Possum Devlog 1: Introduction

As I’ve mentioned in several places, I’m working on implementing a new programming language in Xojo. I’ve done this before (check out Roo) but I want to do it better. I thought I would create a central topic as a place I can write about it. Feel free to chip in if you like. The language is called Possum (like Roo, this is one of my daughter’s nicknames).

Why create a programming language at all?

There are hundreds of programming languages so does the world need another? I have four simple reasons for wanting to do this:

1. I want a better environment to teach novices to code.

I have five and an eight year old daughters. They’re smart and they are showing an interest in watching me code. We’ve played around with things like Scratch and Swift Playgrounds but I want to introduce them to something more like Xojo. The trouble is, The Xojo IDE is more complicated than it needs to be for a computer novice. Also it’s a statically typed language (needless cognitive overhead for beginners) and there are features that I want to see in the language that aren’t there and I can’t do anything about that.

2. I like the look of Python and Ruby but hate their tooling

Python is really popular but its tooling is awful. I wish their was a Xojo-like IDE for Python but there isn’t (trust me, I’ve looked!). Also, distributing a Python app once it’s finished is a nightmare. You can’t reliably protect your source code, you can’t reliably package your code up into an easily distributable form that you can just give to a friend and get it to run on their computer. You can’t write a GUI-based app easily. Yes I’m aware of the myriad of Python “freezing” solutions but, quite frankly, they’re shit.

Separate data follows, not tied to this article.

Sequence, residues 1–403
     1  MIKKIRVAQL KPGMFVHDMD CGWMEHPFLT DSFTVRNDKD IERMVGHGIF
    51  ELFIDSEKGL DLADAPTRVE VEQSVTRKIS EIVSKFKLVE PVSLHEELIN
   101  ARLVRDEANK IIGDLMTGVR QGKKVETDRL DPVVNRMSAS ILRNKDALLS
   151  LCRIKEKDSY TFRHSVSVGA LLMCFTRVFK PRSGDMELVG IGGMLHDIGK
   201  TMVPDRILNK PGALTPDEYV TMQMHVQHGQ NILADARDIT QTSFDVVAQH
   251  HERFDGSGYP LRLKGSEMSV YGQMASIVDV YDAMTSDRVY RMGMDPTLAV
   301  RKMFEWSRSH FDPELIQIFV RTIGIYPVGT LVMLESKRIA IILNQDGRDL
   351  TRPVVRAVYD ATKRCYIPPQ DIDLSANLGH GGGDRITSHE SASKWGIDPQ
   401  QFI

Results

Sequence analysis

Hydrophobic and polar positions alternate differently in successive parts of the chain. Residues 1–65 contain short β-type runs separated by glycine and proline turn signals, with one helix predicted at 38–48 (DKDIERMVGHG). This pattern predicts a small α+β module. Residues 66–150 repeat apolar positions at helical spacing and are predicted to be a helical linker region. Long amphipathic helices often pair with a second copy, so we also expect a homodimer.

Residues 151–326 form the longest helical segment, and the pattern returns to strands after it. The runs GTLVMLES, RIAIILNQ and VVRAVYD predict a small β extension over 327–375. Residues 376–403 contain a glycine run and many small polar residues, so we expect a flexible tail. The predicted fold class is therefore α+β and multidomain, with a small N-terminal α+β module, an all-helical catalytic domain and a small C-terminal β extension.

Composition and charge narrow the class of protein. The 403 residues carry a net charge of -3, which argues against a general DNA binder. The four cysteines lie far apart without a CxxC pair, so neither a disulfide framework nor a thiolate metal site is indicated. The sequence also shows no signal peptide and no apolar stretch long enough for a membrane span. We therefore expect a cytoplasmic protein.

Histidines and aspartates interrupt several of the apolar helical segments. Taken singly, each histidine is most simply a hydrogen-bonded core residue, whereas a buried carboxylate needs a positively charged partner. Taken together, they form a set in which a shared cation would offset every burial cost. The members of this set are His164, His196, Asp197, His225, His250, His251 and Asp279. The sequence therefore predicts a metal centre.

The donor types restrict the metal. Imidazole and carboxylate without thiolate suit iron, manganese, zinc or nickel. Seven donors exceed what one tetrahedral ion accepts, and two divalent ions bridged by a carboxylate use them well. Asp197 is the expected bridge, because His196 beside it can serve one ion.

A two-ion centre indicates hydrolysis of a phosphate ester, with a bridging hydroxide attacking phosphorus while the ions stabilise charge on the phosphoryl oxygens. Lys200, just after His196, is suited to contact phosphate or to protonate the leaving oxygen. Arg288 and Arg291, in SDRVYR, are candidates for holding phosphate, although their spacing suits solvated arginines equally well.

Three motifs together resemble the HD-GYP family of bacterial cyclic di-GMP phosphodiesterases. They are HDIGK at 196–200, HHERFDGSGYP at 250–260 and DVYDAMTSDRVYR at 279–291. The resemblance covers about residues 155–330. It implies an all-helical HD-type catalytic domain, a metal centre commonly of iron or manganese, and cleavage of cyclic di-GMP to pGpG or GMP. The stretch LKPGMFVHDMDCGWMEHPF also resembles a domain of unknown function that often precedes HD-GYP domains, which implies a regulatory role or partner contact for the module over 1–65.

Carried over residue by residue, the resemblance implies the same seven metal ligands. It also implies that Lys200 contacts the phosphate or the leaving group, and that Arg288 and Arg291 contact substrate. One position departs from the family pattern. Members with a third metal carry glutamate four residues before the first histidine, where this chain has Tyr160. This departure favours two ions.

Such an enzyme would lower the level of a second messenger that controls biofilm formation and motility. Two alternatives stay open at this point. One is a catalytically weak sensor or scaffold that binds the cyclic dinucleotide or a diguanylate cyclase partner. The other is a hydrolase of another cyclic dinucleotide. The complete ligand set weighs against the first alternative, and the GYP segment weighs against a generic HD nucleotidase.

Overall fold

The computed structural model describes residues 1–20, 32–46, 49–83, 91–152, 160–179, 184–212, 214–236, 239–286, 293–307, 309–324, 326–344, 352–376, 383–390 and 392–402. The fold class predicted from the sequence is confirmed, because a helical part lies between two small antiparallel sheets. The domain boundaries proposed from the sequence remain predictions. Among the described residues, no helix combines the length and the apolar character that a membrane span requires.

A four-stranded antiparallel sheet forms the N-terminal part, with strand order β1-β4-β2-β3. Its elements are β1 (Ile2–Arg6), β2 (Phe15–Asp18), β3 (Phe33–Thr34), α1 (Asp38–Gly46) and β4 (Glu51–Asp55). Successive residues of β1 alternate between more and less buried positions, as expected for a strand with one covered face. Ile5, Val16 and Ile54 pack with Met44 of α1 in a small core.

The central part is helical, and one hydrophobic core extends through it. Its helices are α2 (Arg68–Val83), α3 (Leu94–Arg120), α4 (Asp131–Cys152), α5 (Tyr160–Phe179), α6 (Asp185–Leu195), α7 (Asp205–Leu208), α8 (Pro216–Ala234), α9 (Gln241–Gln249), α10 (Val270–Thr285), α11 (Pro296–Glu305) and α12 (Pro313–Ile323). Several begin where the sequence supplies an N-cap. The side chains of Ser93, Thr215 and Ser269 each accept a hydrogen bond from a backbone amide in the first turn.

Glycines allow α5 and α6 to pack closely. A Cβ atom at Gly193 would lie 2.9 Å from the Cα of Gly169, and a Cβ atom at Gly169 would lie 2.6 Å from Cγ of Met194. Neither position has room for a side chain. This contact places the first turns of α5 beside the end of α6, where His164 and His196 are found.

3. I want to create an easy-to-use IDE and need an embeddable language

I have so many ideas for an IDE that I want to write myself. To do this though I need a language that I can embed / call from Xojo. Believe it or not, the easiest way to do this is to write my own. I had hoped Roo could fill that need but Roo has two big flaws:

  1. It’s slow. This is because its interpreter walks the AST. There are only incremental improvements I can make to it to improve it.

  2. The language was created on the fly which means I didn’t put a lot of thought into it in advance. There are things in the language that I’d like to change but polishing it after the fact isn’t as elegant as starting properly from scratch.